Yahoo! Developer Stuff Advertainment. "Tribal Platform" idea. Is interesting, and probably a good approach. They are trying hard at community development and the tribe metaphor. "Design tribe" and "Development tribe" and how you design interaction in this.
Heh, I'll call it "working class interface" as it sure as heck isn't rich, but it is a siginficant step up from stateles web interaction.
Back to Yahoo! guy. "Interactive patterns of attention." Immediacy -- autocomplete, livesearch, etc. He is trying to name patterns of interaction and create shared concept. Pattern as basis for shared concept and definition. [me] Pattern is popular term for definition of abstract idea[/me]. "If done correctly [ajax stuff] can be really annoying, eh, if done incorrectly."
"get rid of boundaries" infinite scrolling, search without paging from the live demo earlier, etc. 'Light footprint' -- ointeraction as subset of total interaction.
[me] be nice to finally get rid of the wizard and replace with an unstructured in time interaction coordinated visually instead of temporally.[/me]
Transitions to indicate relationships between elements ans symmetry of action (if it flows one way it can flow the other way). He mentioned microformats. Why micro? Sheesh, the word "schema" is too overloaded maybe? Ugh, the fight for names and the ego of creating the name.
Back to talking about creating a common vocabulary and patterns as a basis for common vocabulary (which is correct). Ugh, dislike this soundbite "surfacing a vocabulary." They have some smart DHTML hackers. Ah, cool the Yahoo UI stuff is BSD license. Kept meaning to look up what it was.
He's finished, nice talk.
Dyson was good. Too dense to comment on live though.
Presumably search engines use the feedback loop created by which result is the exit point of a search?
New keynote, attention economy stuff. Think of the world as a MMORPG called "Western Culture". There are three levels, 1) Feudal, 2) something else (Market/Money/Industrial) 3) attention economy. Grr, speaker is good, moves fast, hard to take notes. Level is of game, not of player. Interesting analogy. Going to go pay attention.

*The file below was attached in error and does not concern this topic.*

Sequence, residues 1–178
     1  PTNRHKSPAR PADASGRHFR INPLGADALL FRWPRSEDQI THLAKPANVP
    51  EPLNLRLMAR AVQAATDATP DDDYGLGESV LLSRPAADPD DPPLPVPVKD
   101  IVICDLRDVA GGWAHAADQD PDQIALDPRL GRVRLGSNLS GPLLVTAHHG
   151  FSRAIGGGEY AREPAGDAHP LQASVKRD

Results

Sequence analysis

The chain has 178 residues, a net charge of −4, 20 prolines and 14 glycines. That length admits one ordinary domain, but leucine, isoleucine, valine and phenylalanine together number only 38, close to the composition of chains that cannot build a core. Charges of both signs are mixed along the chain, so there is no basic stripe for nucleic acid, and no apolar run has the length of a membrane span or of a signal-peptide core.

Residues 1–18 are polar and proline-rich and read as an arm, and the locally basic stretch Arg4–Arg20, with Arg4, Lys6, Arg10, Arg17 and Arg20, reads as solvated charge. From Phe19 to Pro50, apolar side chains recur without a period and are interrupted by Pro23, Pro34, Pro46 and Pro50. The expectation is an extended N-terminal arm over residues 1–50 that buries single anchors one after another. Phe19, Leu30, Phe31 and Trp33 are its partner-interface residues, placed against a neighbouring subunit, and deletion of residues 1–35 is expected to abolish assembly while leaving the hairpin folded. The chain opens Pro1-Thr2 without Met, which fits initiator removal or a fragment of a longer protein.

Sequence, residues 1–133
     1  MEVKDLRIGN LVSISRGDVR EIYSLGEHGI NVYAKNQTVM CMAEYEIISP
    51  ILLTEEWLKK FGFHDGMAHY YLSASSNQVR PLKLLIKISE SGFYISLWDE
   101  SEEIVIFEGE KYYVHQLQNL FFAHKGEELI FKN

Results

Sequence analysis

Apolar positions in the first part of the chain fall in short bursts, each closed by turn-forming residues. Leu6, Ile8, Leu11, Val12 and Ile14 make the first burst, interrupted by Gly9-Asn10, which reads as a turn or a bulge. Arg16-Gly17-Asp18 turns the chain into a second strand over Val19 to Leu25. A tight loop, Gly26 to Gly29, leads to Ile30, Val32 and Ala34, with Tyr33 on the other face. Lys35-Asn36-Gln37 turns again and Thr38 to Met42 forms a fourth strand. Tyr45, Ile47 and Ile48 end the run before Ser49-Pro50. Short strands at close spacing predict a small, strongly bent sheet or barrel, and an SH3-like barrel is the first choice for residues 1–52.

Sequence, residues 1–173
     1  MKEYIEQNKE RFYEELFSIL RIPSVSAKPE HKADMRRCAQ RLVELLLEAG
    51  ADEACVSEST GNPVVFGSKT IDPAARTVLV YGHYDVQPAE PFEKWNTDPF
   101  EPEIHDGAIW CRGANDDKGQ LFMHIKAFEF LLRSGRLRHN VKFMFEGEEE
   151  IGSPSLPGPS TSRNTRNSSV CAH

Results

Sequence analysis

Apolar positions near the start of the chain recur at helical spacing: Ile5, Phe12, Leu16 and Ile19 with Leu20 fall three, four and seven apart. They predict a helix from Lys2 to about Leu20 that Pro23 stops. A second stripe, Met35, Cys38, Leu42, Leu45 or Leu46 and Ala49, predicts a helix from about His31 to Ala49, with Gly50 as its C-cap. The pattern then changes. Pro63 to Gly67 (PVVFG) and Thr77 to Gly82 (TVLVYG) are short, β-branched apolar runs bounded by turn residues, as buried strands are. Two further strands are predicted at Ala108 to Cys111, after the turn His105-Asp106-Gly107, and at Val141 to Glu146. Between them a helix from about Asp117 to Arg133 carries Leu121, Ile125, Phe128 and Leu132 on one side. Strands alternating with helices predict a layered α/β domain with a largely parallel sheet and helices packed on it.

How much of this attention economy stuff is really a stage of industry maturity? Hollywood started focusing on stars how long after (not necesarily as time, but as maturity level possibly?) movies got started did the industry being driven by stars emerge? How about corporations and big-name capitalists? I wonder if it is a factor of the industry becoming complex enough that in order to manage it people abstract out totems which become associated with people (stars) or companies (stars) or whatever serves as the focal point of attention for the movement.
When we talk about complex things we need representative entities so they emerge as the field in which the complexity grows hits a point where it is A) sufficiently complex that the majority cannot comprehend it all, and B) enough people care about the field that there is a majority of non-specialists paying attention. Anyway, I will shut up, but I think there is no economic phase shift occuring, but there is certainly a growth in the engineering industry, and possibly the science industry.
Interesting that I use "industry" there. Anyway, time to shut up again, Dyson is starting =)
Got to ETech late last night, and sat through the advertainment talks this morning. Oddly, this is my first O'Reilly conference. Suggestion, if you charge over a thousand dollars for a conference, you shouldn't give a medium conference T-shirt to a 6'1", 200 lb guy and you should have munchies at the mid-morning coffee break. Inexpensive and free conferences can do it, so can expensive big conferences =)
I am all bitter lately, kind of weird. That said, here is some more =) If you are going to geta fifteen minute "keynote" (product pitch) do your prep work so you look good on stage. The Plum guy was good, but despite having some really cool ideas, the EVDB guy presented really poorly. The ideas were cool, but good gracious, be ready for your talk!
Joel Spolsky's talk was great. He is perhaps more caustic in person than on the web. I have a different proposal for why everyone uses blue and green on their sites, however -- it is because those two colors represent about 70% (this statistic is vaguely remembered, but technically made up, if I had bandwidth I'd go find a source, oh well) of people's favorite colors. Blue is the most common favorite color, green is the next most common. People always tend towards blue and green. Arial, also, isn't used because it is used at Google, but because it is a font which renders well in most browsers (thank you Microsoft) and most importantly, is on basically every computer connected to the intertron.
I want to look at Plum to see how they are going to manage the exponential endpint problem. The EVDB sticker and demand stuff is validation of another idea, that embedded badges are the api's of the masses.